Albuquerque N.M. (Nov. 2, 2020) /PRNewswire/ — PNM, the wholly owned New Mexico utility subsidiary of PNM Resources (NYSE: PNM), today announces that it has reached an agreement to facilitate its exit from the Four Corners Power Plant in 2024, seven years earlier than planned.
PNM solidified its plans to fully exit coal under the agreement with the assignments of its rights under its coal supply agreement and the transfer of its 200-megawatt capacity ownership in the Four Corners Power Plant to the Navajo Transitional Energy Corporation (NTEC) at the end of 2024. The contracts were previously set to expire in 2031. Under the agreement, PNM will make a $75 million payment for relief from its obligations under the coal supply agreement with NTEC. This payment provides for significant cost savings and defines the path for PNM to achieve its plans to exit coal.
PNM plans to file with the New Mexico Public Regulation Commission (NMPRC) in early 2021 for abandonment and securitization of unrecovered investment in the plant. The early exit plans call for significant cost benefits to customers and economic development funds to support the Navajo Nation. A separate, subsequent filing with the NMPRC is expected to be made with a proposal for replacement power following a competitive RFP process that balances environmental benefits, location, cost and reliability.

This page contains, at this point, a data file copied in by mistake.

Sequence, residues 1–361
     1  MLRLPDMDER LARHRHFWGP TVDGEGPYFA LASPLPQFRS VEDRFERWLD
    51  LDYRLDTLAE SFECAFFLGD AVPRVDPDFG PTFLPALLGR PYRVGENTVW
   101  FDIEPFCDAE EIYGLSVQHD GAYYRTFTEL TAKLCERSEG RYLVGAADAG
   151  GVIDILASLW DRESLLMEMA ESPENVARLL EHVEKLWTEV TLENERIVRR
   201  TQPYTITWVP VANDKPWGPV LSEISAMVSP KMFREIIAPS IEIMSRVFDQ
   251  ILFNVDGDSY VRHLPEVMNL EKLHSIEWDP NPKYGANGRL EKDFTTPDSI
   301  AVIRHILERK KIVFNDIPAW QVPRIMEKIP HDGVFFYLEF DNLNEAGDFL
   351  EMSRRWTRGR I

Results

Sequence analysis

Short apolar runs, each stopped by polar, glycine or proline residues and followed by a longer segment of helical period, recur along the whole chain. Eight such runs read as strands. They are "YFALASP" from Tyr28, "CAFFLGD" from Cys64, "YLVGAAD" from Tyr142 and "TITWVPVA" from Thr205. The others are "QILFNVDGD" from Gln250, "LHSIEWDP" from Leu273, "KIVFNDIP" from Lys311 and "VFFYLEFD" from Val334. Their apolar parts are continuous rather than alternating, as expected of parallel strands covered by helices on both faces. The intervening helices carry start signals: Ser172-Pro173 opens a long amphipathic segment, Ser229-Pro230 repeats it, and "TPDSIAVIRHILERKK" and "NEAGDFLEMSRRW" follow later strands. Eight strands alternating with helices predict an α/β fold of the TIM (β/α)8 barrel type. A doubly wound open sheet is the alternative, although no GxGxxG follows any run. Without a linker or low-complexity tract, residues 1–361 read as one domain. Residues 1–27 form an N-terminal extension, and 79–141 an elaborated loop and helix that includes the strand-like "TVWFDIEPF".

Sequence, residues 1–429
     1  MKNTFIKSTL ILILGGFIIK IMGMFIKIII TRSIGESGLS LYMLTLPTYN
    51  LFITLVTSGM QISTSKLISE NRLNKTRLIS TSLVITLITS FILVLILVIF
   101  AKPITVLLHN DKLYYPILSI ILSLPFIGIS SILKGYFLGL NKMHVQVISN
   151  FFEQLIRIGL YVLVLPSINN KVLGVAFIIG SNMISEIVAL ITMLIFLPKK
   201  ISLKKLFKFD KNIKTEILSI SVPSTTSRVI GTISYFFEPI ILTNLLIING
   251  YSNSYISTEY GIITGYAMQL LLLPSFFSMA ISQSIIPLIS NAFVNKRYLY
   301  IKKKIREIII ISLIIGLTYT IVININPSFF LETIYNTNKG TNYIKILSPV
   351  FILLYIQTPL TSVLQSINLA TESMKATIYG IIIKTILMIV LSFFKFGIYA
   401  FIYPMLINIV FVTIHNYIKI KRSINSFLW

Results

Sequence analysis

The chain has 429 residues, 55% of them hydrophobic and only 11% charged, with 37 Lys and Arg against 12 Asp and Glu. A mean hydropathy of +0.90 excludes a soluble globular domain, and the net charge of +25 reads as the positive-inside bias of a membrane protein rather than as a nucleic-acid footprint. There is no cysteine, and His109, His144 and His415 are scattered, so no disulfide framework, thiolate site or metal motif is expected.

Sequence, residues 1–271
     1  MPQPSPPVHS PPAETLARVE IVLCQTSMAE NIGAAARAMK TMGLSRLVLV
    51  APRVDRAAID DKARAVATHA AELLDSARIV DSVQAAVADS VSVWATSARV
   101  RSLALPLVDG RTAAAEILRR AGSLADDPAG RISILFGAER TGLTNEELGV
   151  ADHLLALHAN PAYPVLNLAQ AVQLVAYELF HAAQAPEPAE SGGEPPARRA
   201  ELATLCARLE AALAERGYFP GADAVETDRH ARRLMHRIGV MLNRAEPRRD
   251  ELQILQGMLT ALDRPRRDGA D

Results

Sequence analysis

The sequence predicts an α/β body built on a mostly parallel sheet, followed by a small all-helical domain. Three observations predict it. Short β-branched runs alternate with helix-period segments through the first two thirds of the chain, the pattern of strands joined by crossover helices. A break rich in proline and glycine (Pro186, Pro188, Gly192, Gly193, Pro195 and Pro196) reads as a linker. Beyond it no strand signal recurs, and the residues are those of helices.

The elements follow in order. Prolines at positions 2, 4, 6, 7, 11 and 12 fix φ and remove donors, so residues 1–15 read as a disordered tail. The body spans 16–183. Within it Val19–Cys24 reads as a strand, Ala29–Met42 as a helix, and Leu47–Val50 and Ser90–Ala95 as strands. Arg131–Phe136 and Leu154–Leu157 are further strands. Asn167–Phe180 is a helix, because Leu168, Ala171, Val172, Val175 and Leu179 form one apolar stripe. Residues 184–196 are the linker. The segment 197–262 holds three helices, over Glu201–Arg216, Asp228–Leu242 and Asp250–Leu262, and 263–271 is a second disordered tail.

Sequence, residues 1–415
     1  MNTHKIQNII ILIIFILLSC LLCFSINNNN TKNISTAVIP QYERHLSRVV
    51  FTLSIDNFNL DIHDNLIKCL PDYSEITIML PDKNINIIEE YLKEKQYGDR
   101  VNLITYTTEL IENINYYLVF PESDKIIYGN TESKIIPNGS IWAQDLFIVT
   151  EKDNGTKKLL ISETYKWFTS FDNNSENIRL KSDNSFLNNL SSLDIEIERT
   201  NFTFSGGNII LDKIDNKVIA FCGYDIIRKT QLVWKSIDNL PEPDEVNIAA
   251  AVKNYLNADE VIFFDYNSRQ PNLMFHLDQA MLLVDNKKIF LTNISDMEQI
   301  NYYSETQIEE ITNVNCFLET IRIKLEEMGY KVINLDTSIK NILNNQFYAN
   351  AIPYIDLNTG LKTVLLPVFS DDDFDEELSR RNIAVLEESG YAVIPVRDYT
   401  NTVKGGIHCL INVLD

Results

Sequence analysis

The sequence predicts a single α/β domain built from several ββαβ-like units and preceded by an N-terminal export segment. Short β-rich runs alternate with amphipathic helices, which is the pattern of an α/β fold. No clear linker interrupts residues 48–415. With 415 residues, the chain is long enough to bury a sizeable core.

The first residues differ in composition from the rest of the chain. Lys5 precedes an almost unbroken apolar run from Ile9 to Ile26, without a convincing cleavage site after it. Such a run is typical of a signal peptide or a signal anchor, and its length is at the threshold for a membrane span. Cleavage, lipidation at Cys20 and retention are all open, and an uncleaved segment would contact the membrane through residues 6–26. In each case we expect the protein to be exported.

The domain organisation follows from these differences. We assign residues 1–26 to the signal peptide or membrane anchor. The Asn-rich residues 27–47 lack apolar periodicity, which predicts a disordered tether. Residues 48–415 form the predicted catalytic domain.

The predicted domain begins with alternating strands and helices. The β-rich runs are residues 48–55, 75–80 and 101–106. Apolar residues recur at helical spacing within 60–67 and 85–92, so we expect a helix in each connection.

“This is a major step in our vision to create a clean and bright energy future and achieve our industry-leading goal of emissions-free energy by 2040,” said Pat Vincent-Collawn, PNM Resources’ chairman, president and CEO. “Our accelerated exit means earlier savings on PNM customer bills and timely financial support for the Navajo Nation while it continues to navigate its transition to a renewable energy economy. As we manage the challenges of today and focus on solutions for the clean energy future, we continue to do what’s right for our customers and communities.”
PNM currently has a 13 percent ownership stake in Units 4 and 5 of the 1,540-megawatt Four Corners Power Plant. These 200 megawatts comprise less than 10 percent of PNM’s total energy portfolio and reflect the last of PNM’s remaining coal-fired generation capacity. The retirement of the coal-fired San Juan Generating Station in mid-2022 was approved earlier this year.